Exploring Hwange National Park, Zimbabwe

Walking through the breezy, thatched-roof boma lobby at Ivory Lodge, a magnificent treehouse haunt at the extreme south edge of Hwange National Park, I find myself skidding to a stop in front of my friends. My jaw drops open in shock and words bubble out of my mouth in a giddy rush:

“Oh my god do you guys see that? Right over there?” I’m pointing furiously at the sight no further away than the length of a football field, separated from the hotel grounds by nothing more than a fire pit and a green manicured lawn, where dozens upon dozens of red dusty elephants in all sizes are frolicking in a muddy water hole. It is an exhilarating, magical feeling that has caught me completely off guard.

It’s a sensation I quickly learn is not all that unique in Hwange National Park, home to the Presidential Herd of elephants. Estimated at some 40,000 strong, it is one of the largest herds anywhere in Africa. Ivory Lodge, which sits on a private 6,000-acre concession abutting Hwange (there are no fences separating the properties to prevent animals from wandering between the two), is located next to a popular pachyderm watering hole that regularly attracts up to a hundred of these gentle giants at once. In fact, over the course of the next 48 hours, I see and hear more elephants than I ever imagined.

Elephants at Hwange National Park, Zimbabwe (photo by Becca Blond)

Elephants at Hwange National Park, Zimbabwe (photo by Becca Blond)

One of the best spots at Ivory to see elephants is its delightful “hide.” Located down a short path from the main lodge, the hide is set right at the edge of the water hole. Sitting there allows you to get so close to the elephants (and whoever else is having a drink that day) that they can touch you with a trunk should they choose — a juvenile male did this to me when I was in the hide alone at night, sipping on an Amurula.

Zimbabwe’s largest national park is also one of Africa’s “big 10” in terms of landmass, covering an enormous 14,651 square kilometers. Its size becomes very obvious on the drive from Bulawayo to Victoria Falls, when you pass signs for the various park entrances that stretch along nearly 200km of road. (Ivory’s is at the extreme southern edge, closest to Bulawayo.) The park’s location close to a major highway is a serious plus — this is one of the most accessible parks on the continent and you won’t need a 4WD vehicle to access most of it. Staying at Ivory for instance, requires you to drive just 2km down a dirt road.

Hwange is home to more than 400 species of bird and 107 species of animals. Besides the massive elephant populations, keep an eye out for all the big cats — cheetah, lion, leopard — who all call this place home. The dry season, between July and October, is best for wildlife viewing as thirsty animals will travel long distances to reach the some 60 waterholes or “pans” (many of which are artificially filled by park officials) and the bush is dry and dead (making viewing easier).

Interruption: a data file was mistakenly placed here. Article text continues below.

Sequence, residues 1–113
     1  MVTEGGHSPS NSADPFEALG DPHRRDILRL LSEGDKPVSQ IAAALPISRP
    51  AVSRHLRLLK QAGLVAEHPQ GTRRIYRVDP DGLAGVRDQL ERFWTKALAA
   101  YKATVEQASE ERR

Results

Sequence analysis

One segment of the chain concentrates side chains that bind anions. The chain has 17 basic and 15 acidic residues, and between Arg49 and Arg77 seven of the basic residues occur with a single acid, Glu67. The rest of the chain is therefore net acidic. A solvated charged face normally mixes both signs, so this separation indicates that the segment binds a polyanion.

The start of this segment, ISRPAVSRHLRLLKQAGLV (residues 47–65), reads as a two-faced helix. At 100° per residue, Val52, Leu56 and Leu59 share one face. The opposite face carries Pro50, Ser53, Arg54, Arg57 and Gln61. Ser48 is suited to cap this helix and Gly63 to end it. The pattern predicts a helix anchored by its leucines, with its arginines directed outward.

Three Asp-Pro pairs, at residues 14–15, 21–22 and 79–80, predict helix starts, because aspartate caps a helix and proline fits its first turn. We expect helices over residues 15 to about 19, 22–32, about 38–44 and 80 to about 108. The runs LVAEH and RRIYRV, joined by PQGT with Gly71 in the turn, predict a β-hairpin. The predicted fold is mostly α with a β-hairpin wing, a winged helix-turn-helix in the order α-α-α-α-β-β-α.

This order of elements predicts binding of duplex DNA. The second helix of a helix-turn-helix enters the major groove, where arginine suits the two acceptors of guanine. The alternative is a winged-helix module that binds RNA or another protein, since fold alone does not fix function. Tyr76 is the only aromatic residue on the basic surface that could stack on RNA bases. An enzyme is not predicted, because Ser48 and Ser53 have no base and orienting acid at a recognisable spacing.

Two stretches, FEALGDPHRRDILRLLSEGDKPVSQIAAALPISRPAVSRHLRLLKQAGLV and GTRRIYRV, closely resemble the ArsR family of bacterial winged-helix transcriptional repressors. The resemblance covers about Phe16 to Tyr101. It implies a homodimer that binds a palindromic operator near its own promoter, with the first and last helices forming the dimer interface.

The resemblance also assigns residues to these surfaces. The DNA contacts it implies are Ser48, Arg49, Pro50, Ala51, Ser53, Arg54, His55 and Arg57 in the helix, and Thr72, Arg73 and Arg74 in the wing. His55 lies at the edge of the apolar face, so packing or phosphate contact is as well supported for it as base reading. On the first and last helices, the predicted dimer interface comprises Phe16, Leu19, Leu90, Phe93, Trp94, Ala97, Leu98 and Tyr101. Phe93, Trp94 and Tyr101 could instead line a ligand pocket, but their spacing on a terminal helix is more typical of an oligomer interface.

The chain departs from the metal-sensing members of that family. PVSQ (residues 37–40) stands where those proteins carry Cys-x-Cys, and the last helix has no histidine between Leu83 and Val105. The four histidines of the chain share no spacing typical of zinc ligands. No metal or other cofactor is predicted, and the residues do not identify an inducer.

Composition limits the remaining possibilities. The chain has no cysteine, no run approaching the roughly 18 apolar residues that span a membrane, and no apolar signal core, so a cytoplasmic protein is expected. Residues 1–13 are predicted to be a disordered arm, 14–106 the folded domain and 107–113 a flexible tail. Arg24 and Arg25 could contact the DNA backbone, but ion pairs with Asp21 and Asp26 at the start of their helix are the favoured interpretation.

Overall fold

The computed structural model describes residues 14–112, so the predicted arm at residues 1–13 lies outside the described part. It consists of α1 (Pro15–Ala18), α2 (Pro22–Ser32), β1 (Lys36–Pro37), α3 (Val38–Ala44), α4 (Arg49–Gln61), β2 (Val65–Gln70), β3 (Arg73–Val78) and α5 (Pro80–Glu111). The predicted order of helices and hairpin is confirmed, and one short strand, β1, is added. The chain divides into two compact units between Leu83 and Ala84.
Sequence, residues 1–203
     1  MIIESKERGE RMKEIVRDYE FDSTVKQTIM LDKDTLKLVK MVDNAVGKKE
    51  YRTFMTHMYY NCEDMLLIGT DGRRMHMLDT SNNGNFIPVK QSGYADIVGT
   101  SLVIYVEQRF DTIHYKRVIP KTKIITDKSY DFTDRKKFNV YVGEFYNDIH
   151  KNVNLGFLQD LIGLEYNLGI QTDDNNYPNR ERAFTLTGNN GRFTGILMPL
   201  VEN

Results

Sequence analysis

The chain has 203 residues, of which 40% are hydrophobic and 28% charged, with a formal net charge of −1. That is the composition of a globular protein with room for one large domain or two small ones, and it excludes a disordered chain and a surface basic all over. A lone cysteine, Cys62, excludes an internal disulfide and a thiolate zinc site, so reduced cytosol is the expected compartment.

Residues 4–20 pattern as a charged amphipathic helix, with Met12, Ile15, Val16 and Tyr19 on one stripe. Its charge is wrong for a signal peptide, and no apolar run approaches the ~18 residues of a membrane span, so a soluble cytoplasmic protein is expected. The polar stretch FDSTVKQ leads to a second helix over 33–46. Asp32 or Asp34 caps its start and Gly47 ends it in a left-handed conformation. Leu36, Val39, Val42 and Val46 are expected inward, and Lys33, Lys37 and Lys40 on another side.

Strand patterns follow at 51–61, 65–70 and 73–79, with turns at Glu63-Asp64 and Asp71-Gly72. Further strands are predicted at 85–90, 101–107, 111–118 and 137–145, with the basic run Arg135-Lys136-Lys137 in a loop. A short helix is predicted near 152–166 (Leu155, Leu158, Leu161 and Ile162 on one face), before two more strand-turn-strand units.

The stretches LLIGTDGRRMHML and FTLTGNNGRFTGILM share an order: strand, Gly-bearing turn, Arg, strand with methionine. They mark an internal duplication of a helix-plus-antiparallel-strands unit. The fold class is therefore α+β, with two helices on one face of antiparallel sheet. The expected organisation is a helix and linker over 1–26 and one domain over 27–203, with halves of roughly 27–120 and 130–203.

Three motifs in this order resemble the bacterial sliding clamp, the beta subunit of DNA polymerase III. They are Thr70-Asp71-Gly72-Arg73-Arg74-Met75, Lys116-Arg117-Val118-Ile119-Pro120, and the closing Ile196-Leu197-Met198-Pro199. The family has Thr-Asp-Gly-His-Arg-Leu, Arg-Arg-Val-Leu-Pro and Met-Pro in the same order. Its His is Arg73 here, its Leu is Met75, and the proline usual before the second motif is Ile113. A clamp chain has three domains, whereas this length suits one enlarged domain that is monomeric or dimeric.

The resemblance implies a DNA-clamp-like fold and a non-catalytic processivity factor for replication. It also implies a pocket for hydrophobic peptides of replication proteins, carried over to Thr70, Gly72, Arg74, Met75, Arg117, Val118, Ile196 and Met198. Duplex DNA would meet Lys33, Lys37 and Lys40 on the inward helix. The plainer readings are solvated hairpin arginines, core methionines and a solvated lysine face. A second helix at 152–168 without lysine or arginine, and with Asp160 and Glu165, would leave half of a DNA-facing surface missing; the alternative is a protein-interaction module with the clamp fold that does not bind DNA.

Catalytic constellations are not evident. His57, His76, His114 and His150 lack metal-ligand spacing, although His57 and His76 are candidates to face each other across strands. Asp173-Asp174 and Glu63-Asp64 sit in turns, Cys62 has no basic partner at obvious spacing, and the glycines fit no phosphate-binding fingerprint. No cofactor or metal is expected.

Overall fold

African painted dog (Shutterstock)

African painted dog (Shutterstock)

One of the most special animals to see on safari in Hwange is the painted dog. We got to see an entire pack hunting at dusk, which was quite the sight, with the dogs spreading out and calling to each other as they circled their prey. With less than 5,000 of these wild dogs remaining on the continent, they are highly endangered and Zimbabwe is one of their last great strongholds. If you have time, pay a visit to Painted Dog Conservation located near Hwange airport, just off the main road. It’s a rehabilitation facility for sick and injured dogs which aims to heal pups before they are returned to their packs in the wild.

Although most people choose to pay for a wildlife drive with the lodge where they are staying, self-drive safaris are also possible here. Most self-drivers will do a few loops starting near Hwange Main Camp. From here you can check out Nyamandhlovu Pan, which has a high-rise viewing platform over a popular drinking hole. Leaving the Main Camp (and heading out of the park), look for animals around Dom Pan, while the Ngwethla Loop, self of the main camp, passes the awesome Kennedy Pans, which are popular with elephants. Park the car at the Ngwethla Picnic Site, where you can have lunch and look for a large variety of wildlife — from zebra to giraffe to wildebeest. (Note: seeing animals this way is not easy. I’ve never had much luck on self-drives, but regardless it is a pretty cool experience to cruise around in your own vehicle looking for lions.)

You can either stay inside or outside the park. One benefit of staying outside the park is that the lodges all sit on their own private estates, and animals roam freely between the lodge grounds and the park property. So you can go on game drives outside the actual park, and therefore avoid paying the $20 per person per day entry fee. Although the chance of seeing animals is usually greater in the park, so it is worth paying to enter at least once.

Besides Ivory Lodge, outside-the-park sleeping options include the upmarket Hide, and the mid-range Hwange Safari Lodge. Both are on their own private concessions, and offer full board and activities options.

Inside-the-park accommodations are more basic, but the three camps all have decent and affordable facilities. The largest and most accessible is the Hwange Main Camp, which is at the park entrance and offers basic budget-friendly digs in self-catering chalets, cottages and lodge rooms, plus camping options. There is a restaurant, a grocery store, and you can arrange for organized walking and driving safaris. The other two national park camps, Sinamatella and Robbins Camp, also offer decent digs in more remote locales.

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